The actual, totally serious and completely non-comedic response was that the act was amended in 2007 to allow Border Security agents to specify the type of fencing to use, appropriate to different areas.
Consequently, today, about one-third of the border between Mexico and the United States is fenced or walled. Most of this construction happened in the last 12 years, according to iNewsource – which has published an interactive border wall map.
Evidently, being first in the number of crossings seems to be important to these ports of entry between two friendly nations. Both San Diego and Organ Pipe Cactus National Monument claim to see the most human traffic – both legal and illegal. However, border jumping is not a regional competition. It is a serious problem that hasn’t been addressed effectively – until now.
On August 23, 2017, President Trump tweeted:
“Big day planned on NATIONAL SECURITY tomorrow. Among many other things, we will build the wall!”
The British Telegraph article cited above goes on to say that “the border with Mexico is roughly 1,900 miles long and spans fours state: California, Arizona, New Mexico and Texas. In comparison, the Berlin Wall was 96 miles while the Great Wall of China is 13,000 miles long.”
“Walls historically have never worked — the Chinese wall, the Berlin wall.”
Trump talks about the Great Wall of China a lot. It is an impressive structure, and it is considered one of the 7 Wonders of the Word. Quora writer Harvey King opined that, in its time, the Great Wall of China did work rather well in keeping “invaders” out, until the Mongols invaded from an unexpected direction (the north).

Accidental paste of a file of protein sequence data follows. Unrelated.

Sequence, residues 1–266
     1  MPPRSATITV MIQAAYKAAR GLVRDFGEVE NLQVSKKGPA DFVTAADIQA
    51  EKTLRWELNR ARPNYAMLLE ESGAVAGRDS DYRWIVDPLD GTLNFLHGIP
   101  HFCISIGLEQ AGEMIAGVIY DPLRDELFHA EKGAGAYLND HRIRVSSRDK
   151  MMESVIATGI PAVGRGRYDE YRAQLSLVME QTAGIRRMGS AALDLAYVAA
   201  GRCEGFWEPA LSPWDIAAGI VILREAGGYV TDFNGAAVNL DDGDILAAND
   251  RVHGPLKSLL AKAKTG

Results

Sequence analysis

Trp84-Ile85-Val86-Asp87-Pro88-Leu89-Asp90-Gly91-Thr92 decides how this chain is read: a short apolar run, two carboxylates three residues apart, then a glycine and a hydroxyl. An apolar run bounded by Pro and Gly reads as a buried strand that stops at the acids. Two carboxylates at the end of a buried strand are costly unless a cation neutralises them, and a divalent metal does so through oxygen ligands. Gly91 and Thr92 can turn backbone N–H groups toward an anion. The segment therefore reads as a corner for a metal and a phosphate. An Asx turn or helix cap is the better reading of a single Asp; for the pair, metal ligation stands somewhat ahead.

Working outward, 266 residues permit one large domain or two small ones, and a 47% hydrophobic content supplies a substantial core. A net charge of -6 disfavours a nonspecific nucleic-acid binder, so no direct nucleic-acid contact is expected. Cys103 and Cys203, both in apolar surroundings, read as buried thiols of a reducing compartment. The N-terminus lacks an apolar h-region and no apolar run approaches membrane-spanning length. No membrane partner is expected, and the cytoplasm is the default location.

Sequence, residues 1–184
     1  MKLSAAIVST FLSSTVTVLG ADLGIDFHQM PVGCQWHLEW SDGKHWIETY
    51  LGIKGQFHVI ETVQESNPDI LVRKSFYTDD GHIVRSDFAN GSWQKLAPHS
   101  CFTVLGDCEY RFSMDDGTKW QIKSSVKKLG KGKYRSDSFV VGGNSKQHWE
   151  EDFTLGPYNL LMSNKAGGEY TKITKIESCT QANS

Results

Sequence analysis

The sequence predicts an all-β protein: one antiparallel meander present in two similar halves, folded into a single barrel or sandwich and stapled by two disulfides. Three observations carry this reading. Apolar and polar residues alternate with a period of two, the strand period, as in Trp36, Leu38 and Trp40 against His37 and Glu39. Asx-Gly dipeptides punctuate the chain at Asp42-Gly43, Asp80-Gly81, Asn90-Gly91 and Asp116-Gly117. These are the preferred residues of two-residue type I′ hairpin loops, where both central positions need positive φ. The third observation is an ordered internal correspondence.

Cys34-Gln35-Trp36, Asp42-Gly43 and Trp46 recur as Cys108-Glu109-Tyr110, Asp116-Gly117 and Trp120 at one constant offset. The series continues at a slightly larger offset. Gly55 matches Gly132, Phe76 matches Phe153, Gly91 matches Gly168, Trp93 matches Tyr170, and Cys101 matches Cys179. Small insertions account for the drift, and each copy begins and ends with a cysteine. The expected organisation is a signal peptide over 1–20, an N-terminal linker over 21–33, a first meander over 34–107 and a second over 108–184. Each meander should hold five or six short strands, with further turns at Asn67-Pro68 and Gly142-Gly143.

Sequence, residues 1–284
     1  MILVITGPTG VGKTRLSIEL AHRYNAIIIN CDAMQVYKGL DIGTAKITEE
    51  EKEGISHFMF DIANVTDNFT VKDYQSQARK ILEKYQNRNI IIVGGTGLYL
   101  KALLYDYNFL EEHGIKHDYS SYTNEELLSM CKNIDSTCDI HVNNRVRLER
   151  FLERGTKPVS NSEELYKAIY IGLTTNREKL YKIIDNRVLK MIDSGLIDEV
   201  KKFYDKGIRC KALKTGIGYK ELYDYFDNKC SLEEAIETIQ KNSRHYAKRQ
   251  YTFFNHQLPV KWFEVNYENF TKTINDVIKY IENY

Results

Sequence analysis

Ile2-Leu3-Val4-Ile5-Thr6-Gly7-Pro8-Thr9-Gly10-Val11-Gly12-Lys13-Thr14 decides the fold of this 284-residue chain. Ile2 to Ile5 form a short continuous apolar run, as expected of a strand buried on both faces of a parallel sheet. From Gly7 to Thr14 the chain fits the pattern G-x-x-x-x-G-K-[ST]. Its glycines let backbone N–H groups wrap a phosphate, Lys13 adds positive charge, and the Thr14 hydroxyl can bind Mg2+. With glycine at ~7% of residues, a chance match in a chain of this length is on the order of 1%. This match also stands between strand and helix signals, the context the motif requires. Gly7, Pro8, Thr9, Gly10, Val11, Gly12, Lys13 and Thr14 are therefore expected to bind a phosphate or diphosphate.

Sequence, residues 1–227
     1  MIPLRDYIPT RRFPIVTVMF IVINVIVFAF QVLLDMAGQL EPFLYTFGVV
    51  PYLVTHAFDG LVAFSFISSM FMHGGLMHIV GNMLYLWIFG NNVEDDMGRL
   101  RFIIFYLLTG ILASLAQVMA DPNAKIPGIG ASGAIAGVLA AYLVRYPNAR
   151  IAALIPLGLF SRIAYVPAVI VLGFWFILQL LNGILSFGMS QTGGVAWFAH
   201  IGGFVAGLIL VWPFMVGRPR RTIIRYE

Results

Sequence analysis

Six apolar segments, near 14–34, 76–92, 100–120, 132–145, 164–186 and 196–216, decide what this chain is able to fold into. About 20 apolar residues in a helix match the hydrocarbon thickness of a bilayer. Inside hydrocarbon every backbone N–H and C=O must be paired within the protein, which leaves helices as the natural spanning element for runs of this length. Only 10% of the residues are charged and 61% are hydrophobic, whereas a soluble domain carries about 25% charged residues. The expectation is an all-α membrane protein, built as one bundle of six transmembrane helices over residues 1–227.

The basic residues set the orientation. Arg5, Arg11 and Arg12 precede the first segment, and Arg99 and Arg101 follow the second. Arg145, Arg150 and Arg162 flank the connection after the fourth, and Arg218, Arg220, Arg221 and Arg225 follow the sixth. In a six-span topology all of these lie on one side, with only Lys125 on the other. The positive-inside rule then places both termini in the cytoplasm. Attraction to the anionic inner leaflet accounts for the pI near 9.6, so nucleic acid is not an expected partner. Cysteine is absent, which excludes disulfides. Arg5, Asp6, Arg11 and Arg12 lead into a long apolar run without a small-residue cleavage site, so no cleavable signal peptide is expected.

The Great Wall of China
If you want the inside skinny, ask someone based at ground zero:
“The evidence shows that barriers work,” says Pete Hermansen, a 22-year veteran of the Border Patrol and former director of the agency’s tactical and rescue teams.
FOX News went on to dish this quote, regarding the new border wall prototypes, which tower up to 30 feet tall:
“I can’t talk about it,” said a DHS official in Washington. “But the walls were so high we had to suspend testing. It was unsafe. Out of dozens of attempts, one guy made it to the top but he couldn’t get down. We had to bring him down with a cherry picker.”
Border patrol agents say 24 feet might be enough to do the job, and save some expense.
So, Dear Readers, “Physically impossible and completely unnecessary,” might have been true 25 years ago when considering a wall between the United States and Mexico, but times have changed. Technology has marched on. Illegal immigration has gotten out of hand. A big wall plus “legal discouragement” for employers of illegal workers should prove to be very effective indeed in remediating this enormous drain on US resources.
In its place, employment in construction and enforcement is the tangible benefit of an enormous endeavor like this one.
But so much more important is that a physical obstruction to the steady stream of illegals entering the US-Mexico border allows Us the People to reclaim control over our national sovereignty. Reducing the number of newly-arriveds helps while sorting out the illegal immigration situation we’ve got going on here.
“The Great Wall of America” has a nice ring to it, don’t you think? Perhaps – dare we suggest – it might even become the fabled 8th Wonder of the World?
Remember, Americans are Dreamers, too.